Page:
Ok, so, where were we? Oh yes, I remember, I was giving
you the world's first true overunity device (I think).
I only put three containers on the system but the pump
seemed to have no trouble with it so I'm not sure there is a limit to the
number it could carry. Probably this is tied to the capacity of the
pump. Remember that we are pumping water OUT from the
BOTTOM of container number one and so, as long as the air has somewhere
else (the inlet) to suck something in from, gravity
is helping us move the water out! There is very little effort required
by the pump to do this.
My next step was to add a holding tank so that I could
connect container three to that as it's intake supply and as the catch
basin for the pumps outlet:
So now we have a little complete cycle from intake to
outlet. All in one neat, continuous loop. I thought I might be onto
something here. So far we have natural forces helping us allow one
pump to do the work of three, four if you count sucking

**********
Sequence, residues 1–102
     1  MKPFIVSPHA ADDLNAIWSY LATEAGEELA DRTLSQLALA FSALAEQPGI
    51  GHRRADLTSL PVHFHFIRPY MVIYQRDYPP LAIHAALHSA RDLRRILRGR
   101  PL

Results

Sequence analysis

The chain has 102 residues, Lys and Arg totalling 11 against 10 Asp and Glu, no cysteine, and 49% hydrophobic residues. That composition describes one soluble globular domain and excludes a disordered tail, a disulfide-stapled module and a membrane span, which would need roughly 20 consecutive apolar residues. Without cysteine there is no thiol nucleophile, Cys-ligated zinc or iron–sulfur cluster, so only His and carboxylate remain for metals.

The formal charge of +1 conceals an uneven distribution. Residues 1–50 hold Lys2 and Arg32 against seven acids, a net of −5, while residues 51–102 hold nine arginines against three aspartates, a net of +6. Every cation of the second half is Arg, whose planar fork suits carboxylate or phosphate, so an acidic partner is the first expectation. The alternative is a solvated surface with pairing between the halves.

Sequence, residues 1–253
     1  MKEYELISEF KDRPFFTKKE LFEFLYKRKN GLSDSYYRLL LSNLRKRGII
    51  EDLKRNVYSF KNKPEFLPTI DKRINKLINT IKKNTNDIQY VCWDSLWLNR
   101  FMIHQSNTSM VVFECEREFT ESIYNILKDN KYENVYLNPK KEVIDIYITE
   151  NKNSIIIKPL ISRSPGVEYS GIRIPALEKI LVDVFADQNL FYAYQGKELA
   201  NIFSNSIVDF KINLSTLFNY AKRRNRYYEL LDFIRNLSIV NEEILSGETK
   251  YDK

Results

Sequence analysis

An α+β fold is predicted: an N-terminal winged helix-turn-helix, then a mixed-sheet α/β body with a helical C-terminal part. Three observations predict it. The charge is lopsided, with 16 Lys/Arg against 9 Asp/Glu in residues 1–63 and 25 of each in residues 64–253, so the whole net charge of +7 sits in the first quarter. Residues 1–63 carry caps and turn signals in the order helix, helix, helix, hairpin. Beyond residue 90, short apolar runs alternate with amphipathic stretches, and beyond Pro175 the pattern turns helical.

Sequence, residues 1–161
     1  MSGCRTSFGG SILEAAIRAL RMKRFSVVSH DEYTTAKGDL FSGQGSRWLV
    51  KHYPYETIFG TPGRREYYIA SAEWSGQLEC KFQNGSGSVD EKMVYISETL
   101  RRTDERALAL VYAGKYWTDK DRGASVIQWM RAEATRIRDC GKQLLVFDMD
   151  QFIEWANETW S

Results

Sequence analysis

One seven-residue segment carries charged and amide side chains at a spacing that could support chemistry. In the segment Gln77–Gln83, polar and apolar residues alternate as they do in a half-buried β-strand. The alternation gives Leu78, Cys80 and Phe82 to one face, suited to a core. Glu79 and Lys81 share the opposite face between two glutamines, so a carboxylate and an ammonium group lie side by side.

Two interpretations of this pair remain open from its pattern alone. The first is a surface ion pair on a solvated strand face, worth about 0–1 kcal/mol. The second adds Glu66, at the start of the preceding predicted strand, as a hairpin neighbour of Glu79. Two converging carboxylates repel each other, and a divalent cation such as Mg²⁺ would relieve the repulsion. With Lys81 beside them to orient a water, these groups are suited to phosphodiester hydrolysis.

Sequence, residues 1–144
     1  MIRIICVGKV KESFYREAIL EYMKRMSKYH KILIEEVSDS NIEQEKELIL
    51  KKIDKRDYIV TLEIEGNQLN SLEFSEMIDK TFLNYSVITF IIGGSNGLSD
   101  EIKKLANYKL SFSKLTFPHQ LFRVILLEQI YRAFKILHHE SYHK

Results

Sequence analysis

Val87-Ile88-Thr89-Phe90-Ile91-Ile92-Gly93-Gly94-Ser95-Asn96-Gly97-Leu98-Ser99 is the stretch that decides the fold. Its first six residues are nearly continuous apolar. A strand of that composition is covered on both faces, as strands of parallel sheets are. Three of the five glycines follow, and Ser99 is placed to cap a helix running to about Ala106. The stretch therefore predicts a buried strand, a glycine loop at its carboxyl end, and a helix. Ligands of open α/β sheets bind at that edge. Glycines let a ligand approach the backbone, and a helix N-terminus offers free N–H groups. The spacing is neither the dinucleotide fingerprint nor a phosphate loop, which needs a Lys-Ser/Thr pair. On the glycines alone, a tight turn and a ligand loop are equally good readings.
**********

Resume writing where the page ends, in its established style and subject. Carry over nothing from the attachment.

water up out of the basin. By the way the basin was also a Rubbermaid
storage container. I like them because they are sturdy
plastic and they are transparent. Also please view the holding basin
as being in front of the containers and not below it. The
above diagram lacks perspective to make it easier to see.
The next step was to see how we could generate power with
this device. Hopefully we can make enough to run our one
As you can see it would be possible to run a total of 4
water wheel/generator combinations with this setup. Add more
canisters, add equally more wheel/generators. Are we at overunity yet?
The water was flowing into the containers anyway and
the weight of the falling water turns the wheels so they put zero additional
stress on the system. But wait, there's more. At this
point let's imagine an electrical pump instead of the hand powered